• Go ask the docs which is more important. If all the packages offer the same features … it will absolutely be about usability. Not price. Go ask. I guarrantee it.

    Ask the docs … “How much would you pay for an EHR which …

    1. Gets you out of the office at 4:30pm every day …

    2. Results in 100% insurance reimbursements

    3. Captures perfectly all your exam and diagnosis notes and tracks patient demographics against potential high risk life styles … and potential for liability risk

    4. Automatically captures all work activity that is not billed or not billable in order to generate recommended changes to next year’s contracts.

    Some docs will brag about how little they spent … and others will brag about how much they spent … but the longer conversation will be about how the acquisition improved THEIR quality of life.

  • Seems like all of your list is still about price. It’s the other end of price, but it’s still about $$.

    Of course, the reality is that it’s both. A usable EMR at the lowest cost possible.

  • How are any of my examples about price? You’ll have to explain.

    Getting to leave reliably at 4:30pm … means you can get in 9 holes with your son before dinner or get to watch your daughter’s volleyball practice.

    Capturing more revenue for the work you do … has nothing to do with price. If work is done for free… it has no value. Sorta like writing prescriptions has no value to physicians … because they are not paid to write script. So why invest in something to improve something you aren’t paid for?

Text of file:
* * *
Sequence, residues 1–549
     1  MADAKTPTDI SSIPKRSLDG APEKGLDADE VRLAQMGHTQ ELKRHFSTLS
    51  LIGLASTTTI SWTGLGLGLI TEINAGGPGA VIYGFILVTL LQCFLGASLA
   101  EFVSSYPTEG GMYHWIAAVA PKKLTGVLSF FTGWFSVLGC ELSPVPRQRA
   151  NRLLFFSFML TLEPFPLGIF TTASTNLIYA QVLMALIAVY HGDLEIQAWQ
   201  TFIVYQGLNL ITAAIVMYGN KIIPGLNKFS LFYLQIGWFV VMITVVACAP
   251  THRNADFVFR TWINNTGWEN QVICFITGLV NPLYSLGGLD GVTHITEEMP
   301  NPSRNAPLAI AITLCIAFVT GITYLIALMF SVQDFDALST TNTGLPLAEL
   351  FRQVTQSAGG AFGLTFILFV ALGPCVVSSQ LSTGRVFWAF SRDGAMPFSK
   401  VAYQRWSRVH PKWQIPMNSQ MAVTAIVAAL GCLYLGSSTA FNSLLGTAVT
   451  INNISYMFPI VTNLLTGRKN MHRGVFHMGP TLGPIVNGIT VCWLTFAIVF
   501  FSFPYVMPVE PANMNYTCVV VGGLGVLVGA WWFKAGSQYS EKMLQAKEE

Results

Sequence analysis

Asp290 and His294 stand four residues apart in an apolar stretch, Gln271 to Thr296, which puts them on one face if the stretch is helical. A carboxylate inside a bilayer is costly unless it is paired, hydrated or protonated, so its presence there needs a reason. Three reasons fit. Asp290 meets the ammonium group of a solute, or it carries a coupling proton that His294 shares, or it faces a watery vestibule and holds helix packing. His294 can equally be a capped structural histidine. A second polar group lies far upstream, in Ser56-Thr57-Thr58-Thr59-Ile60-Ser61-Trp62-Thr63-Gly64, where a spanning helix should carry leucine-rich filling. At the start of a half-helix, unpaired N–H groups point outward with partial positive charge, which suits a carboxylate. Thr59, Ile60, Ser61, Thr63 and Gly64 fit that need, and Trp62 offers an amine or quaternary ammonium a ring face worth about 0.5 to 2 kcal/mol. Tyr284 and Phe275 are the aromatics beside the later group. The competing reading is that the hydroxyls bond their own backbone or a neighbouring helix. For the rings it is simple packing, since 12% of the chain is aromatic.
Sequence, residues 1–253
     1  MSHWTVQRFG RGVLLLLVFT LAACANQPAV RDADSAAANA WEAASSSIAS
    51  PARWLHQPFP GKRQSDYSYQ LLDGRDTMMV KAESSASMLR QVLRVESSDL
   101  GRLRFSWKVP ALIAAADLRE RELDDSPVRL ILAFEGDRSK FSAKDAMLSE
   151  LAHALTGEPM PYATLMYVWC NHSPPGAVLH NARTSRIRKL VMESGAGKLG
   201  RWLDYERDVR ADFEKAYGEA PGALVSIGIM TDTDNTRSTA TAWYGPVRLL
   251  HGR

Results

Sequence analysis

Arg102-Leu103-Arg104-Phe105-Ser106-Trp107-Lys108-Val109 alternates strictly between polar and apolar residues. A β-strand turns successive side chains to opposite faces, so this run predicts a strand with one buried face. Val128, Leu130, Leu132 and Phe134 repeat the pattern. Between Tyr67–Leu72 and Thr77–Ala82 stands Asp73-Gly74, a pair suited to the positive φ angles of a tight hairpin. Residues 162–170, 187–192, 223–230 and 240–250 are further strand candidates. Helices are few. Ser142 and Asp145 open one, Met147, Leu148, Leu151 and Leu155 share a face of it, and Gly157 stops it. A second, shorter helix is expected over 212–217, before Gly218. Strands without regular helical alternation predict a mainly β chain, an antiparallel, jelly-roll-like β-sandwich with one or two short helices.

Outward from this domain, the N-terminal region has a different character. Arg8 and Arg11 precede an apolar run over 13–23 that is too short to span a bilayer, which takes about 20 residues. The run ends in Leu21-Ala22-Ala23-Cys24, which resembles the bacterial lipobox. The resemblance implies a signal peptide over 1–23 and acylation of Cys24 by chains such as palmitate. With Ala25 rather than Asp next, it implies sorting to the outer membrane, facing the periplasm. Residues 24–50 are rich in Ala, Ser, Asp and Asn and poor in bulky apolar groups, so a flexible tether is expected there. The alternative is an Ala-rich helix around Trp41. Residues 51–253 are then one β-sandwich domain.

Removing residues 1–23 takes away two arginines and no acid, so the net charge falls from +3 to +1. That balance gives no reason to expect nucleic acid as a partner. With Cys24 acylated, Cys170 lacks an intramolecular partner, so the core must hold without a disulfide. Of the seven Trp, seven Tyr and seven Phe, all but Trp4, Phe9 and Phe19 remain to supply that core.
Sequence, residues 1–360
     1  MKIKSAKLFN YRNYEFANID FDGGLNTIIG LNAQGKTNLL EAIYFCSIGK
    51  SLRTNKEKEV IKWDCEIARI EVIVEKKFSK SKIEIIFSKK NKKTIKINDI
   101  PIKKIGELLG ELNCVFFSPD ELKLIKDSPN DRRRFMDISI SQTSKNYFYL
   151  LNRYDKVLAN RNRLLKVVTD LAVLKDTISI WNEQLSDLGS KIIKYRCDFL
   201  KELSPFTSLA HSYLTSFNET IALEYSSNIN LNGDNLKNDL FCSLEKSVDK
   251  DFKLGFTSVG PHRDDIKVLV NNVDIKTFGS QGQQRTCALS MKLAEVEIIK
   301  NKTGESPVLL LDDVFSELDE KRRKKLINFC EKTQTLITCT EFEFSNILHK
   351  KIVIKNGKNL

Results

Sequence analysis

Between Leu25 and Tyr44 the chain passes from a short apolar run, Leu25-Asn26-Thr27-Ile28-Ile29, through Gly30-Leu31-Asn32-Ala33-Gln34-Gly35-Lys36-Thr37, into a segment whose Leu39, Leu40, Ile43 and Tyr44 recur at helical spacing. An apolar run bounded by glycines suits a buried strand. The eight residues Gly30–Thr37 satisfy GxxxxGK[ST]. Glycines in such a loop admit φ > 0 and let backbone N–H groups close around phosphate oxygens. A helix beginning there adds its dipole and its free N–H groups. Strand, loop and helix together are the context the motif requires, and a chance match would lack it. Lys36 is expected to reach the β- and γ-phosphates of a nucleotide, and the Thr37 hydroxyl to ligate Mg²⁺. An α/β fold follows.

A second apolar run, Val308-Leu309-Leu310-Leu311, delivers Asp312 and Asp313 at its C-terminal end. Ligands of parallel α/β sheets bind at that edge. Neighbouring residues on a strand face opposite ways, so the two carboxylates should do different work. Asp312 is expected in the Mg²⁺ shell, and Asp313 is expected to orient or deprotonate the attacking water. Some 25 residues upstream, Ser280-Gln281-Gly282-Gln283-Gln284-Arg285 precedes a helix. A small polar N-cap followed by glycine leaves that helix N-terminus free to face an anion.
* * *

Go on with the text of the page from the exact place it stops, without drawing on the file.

Written records are the legal standard … automated electronic records must provide a higher level of liability defense than written record. This has nothing to do with cost … it reduces legal costs and protects future revenues… and improves the practitioner’s quality of life.

    Capturing unbilled work … defines what you are giving away for nothing. Can either then charge to good will, charity, or go change next year’s contract. Like in dealing with the pharmacist … when you do work without revenue implication … that work has no value … by definition.

    Seriously … for the doc … EHR adoption should have nothing to do with cost. No matter the carrots and sticks (artificial revene and artificial cost) … if it doesn’t postitively change quality of life … it ain’t really happening.

  • That’s why I said it’s the other side of price…which is decreased costs or increased revenue.

    -Leaving reliably on time assumes that you’re doing so without hurting your revenue. That’s not losing revenue

    -Capturing more revenue for the work you do – Increase Revenue

    -Perfectly captured notes and High Risk tracking – This is the only one not related to $$. Although, you could argue that tracking these things will bring back patients for more procedures which can increase revenue.

    -Capture unbilled work – Increase revenue